2006 European Brass Band Championships - Composers talks


John James was on hand to listen to the two composer's talk about the works that were used at the contest. And he asked some interesting questions too...

Composers Talk
The Studio
Waterfront Hall

It with some interest that 4BR took the opportunity to listen to the pre-Championship sessions given over to the composers of the test pieces.

At this year's EBBC both the composer of the B-Section, Elaine Agnew and Championship piece, Ian Wilson were afforded the chance to talk about the music to be premiered  and both spoke in most relaxed style in their very interesting and enjoyable presentations.

Interestingly both chose to play samples of their previous orchestral works and both had submitted extracts that softened the dynamic and the biting angular nature of their exciting compositions in the samples chosen.

Having spoken in some detail of the legendary storm on the last day of Christmas (Night of the Big Wind) that formed the inspiration for her composition, Elaine Agnew spoke of her enjoyment of music not only as a listening opportunity but also as a theatrical experience.

Having written a section for percussion instructing the use of their own ideas and instrumentation to achieve an unsettled and eerie development she hoped that beside just sounds  the adjudicators would hear, that some actual movement on stage would support their improvisation for the enjoyment of the audience watching the performance.

Looking back at the actual performances that followed it was the Arklow Shipping Silver Band and the Oberoesterreich Brass Band that probably got closest to the embodiment of this theatrical opportunity using movement and unusual instrumental forces whilst developing and capturing the mood.

The use of a ‘swishing' noise effect had appeared a number of times in her compositional output and she had tried to incorporate this sound picture within the music ‘Little Christmas'.

This is a challenging and difficult technical effect to realise on brass instruments but she took the opportunity to feature an excerpt from her double violin concerto to demonstrate to the audience the style in sound she was aiming to elicit from the bands.

In conclusion Elaine spoke of enjoying composing for brass band and getting positive and constructive feedback during the compositional phase as she explored the particular needs of a brass band. Her final hope was that the opportunity to compose an even more substantive piece would be forthcoming. We hope so too.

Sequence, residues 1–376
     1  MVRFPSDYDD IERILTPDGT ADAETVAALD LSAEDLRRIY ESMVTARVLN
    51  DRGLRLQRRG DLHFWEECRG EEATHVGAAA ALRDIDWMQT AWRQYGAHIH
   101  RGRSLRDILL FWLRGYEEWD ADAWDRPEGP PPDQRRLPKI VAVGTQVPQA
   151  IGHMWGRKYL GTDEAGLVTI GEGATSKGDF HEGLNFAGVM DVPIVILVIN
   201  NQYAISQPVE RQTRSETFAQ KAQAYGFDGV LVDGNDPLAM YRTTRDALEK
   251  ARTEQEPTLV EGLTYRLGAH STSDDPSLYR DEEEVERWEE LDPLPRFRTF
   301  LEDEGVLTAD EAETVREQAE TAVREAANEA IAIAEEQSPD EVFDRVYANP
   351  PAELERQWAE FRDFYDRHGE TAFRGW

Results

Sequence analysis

Like Elaine Agnew the composer of the Championship work Ian Wilson is a young contemporary composer who again used music from his orchestral repertoire (‘Man O'War' and ‘Licht/ung') to illustrate his style of composition, particularly his use of brass. The examples utilised were both forceful and driven works with ‘beefy' low sounds.

His piece, ‘Seascape with High Cliffs' he explained, took a somewhat more cautious approach departing from strident and radical sounds rather treating the brass band as a brass orchestra – cornets reflecting high strings, basses low strings and so on.

Composed in a single movement he explained that the music was a sound picture inspired by the Cliffs of Moher on the West Coast of Ireland. Whilst the music could be interpreted as a tone poem it was less programmatic than the more classical forms of Liszt or Richard Strauss.

He highlighted that his musical episodes incorporated the sea (heavy and slow), birds, (intense and direct) and distant views from the cliffs (stasis) explaining that it was the use of a juxtaposed mosaic structure where three different kinds of music develop independently gradually drawing seamlessly together that he worked to complete the whole into the fully consolidated work.

To conclude he again he spoke of the invaluable and most interesting feedback he was afforded by the music panel as the composition developed and once more had seriously enjoyed writing for barss band.

This particular piece of music whilst not, one would dare to suggest, the most accessible at first reading was a truly unusual, complex and worthy composition that embodied all and more of the points described in this brief report.

Looking back at the contest it would be fair to say that having a very brief time in which to digest the study score before the contest performances this correspondent did take time to truly appreciate this polygonal work with a complexity of the writing that cleverly painted a tonal picture rather than a melodic journey.

John James


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